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This application claims the benefit of U.S. Provisional Patent Application No. 61/111,244, filed on Nov. 4, 2008, the disclosure of which is incorporated herein by reference in its entirety.
The subject matter described herein relates to generating power using renewable energy sources. More particularly, the subject matter described herein relates to a distributed hybrid renewable energy power plant that aggregates power from geographically distributed renewable sources. The subject matter described herein also relates to a controller for aggregating, controlling, and delivering power from distributed hybrid renewable energy power sources.
Electric generation from renewable energy resources, such as wind and solar farms, is intermittent and unpredictable. The electric grid is designed to connect to available and predictable power plants and is negatively affected by intermittent generation.
The typical 12 kV electric distribution circuit is capable of accepting < or =1 MW of electric generation without infrastructure improvements and with minimal impact on electric system voltage and frequency. Connecting medium-scale (>1 MW) electric power plants to the electric distribution system or electric transmission system risks grid stability. For example, a 14 MW solar power plant located in Arizona is causing fluctuations in system frequency and voltage when clouds pass over the site. This has caused numerous problems with the connected utility grid.
More generally, if the output of a renewable energy power plant is greater than 10% of the line capacity, temporary unavailability can adversely affect power grid stability. As a result, current renewable energy power plants that are operated independently supply only a small percentage of line capacity and do not provide a significant portion of power consumed by a utility company's customers.
Accordingly, in light of these difficulties, there exists a need for a distributed hybrid renewable energy power plant.
The subject matter described herein includes a distributed hybrid renewable energy power plant. One exemplary hybrid renewable energy power plant includes a plurality of renewable energy power generation sources that are distributed over a geographic area. A plurality of grid interface boxes connect each of the renewable energy power generation sources to a power distribution grid, measure power output by each of the renewable energy power generation sources, and regulate power delivered to the grid by each of the renewable energy power generation sources. A plant front end communicates with the grid interface boxes, determines a total output power available from the renewable energy power generation sources based on instantaneous power available from each of the renewable energy power generation sources, determines a statistical availability of the total output power based on weather and other conditions affecting power output from the renewable energy power generation sources, and outputs the total output power and the statistical availability to an energy management system.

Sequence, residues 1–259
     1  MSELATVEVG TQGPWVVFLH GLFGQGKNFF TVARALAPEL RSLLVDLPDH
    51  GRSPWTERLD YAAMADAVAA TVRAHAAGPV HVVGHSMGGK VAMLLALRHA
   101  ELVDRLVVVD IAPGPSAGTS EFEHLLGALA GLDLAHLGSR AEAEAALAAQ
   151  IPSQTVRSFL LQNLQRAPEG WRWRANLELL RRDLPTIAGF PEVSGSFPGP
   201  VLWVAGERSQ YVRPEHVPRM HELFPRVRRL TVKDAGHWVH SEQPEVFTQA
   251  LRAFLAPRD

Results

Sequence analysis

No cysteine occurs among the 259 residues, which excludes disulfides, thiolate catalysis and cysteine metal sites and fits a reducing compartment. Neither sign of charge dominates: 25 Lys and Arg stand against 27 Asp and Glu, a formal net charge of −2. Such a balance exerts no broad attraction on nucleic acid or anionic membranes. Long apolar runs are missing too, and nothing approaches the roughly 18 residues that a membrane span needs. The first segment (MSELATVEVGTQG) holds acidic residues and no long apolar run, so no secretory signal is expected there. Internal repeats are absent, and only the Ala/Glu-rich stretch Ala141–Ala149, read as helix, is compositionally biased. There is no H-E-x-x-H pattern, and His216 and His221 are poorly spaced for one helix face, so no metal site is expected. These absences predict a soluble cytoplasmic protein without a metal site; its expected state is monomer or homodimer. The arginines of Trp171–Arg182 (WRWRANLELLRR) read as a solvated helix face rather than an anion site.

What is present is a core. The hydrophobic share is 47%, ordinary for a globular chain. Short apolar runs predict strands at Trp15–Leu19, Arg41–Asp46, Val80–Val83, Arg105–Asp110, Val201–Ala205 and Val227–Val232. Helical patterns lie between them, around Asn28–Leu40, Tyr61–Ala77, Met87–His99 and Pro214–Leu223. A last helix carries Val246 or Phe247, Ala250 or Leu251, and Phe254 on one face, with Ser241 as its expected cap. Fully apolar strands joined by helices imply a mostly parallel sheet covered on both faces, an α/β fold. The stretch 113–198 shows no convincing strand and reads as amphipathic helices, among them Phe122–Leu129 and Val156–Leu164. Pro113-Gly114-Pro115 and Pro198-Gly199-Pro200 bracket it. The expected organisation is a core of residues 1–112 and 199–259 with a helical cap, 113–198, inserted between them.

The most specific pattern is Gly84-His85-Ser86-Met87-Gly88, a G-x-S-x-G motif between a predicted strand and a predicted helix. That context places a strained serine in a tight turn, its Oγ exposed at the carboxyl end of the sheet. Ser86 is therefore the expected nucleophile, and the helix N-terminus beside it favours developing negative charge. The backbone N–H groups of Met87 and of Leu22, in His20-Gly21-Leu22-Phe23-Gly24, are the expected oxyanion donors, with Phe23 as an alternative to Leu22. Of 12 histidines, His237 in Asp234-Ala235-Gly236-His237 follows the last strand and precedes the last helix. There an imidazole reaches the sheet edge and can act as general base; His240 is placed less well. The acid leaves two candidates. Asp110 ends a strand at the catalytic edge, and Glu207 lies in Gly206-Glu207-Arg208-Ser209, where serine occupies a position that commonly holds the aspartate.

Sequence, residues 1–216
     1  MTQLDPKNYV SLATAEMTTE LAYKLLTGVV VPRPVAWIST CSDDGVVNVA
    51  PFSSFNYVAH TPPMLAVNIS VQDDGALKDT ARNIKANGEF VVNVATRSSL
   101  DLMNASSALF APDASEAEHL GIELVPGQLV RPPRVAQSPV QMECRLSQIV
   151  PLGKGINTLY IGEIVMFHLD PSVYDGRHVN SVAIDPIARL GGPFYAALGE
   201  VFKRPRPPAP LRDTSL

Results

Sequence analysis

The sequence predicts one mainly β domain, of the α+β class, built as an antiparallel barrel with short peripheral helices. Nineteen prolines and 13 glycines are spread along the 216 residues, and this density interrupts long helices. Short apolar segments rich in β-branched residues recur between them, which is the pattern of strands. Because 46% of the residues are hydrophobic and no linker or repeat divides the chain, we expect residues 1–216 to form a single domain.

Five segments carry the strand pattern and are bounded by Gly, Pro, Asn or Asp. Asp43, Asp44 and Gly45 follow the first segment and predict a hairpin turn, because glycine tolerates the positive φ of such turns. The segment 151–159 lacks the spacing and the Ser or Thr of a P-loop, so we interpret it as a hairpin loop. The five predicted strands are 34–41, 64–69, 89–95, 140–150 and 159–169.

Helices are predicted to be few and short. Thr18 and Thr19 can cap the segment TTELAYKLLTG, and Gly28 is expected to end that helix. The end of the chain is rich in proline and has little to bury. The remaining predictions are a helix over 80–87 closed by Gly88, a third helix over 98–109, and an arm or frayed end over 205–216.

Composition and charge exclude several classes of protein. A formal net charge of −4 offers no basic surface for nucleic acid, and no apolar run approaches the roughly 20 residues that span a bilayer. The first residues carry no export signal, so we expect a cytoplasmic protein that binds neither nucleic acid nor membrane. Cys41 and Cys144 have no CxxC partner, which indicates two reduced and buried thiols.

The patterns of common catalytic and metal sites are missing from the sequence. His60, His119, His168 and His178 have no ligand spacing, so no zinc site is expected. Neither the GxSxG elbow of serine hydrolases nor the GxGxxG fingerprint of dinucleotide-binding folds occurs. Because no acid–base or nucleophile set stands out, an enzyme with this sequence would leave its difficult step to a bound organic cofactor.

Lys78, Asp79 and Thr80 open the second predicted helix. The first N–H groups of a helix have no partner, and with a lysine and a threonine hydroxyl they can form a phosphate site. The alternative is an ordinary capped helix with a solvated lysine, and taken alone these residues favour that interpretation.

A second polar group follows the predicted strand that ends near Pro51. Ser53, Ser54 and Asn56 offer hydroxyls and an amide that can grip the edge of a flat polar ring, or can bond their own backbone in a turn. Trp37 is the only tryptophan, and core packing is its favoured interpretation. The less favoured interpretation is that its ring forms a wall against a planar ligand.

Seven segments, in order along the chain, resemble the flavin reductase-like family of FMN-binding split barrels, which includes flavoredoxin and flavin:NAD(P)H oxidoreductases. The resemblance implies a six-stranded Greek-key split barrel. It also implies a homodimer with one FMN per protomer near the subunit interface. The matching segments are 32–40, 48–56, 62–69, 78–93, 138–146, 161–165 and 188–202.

The subject matter described herein for providing a distributed hybrid renewable energy power plant may be implemented in hardware, software, firmware, or any combination thereof. As such, the terms “function” or “module” as used herein refer to hardware, software, and/or firmware for implementing the feature being described. In one exemplary implementation, the subject matter described herein may be implemented using a computer readable medium having stored thereon computer executable instructions that when executed by the processor of a computer control the computer to perform steps.
Exemplary computer readable media suitable for implementing the subject matter described herein include non-transitory computer readable media, such as disk memory devices, chip memory devices, programmable logic devices, and application specific integrated circuits. In addition, a computer readable medium that implements the subject matter described herein may be located on a single device or computing platform or may be distributed across multiple devices or computing platforms. At least a portion of any of the modules, model instances, engines, etc. described herein may be implemented in hardware.
Preferred embodiments of the subject matter described herein will now be explained with reference to the accompanying drawings of which:
FIG. 1 is a schematic diagram of a distributed hybrid renewable power plant according to an embodiment of the subject matter described herein; and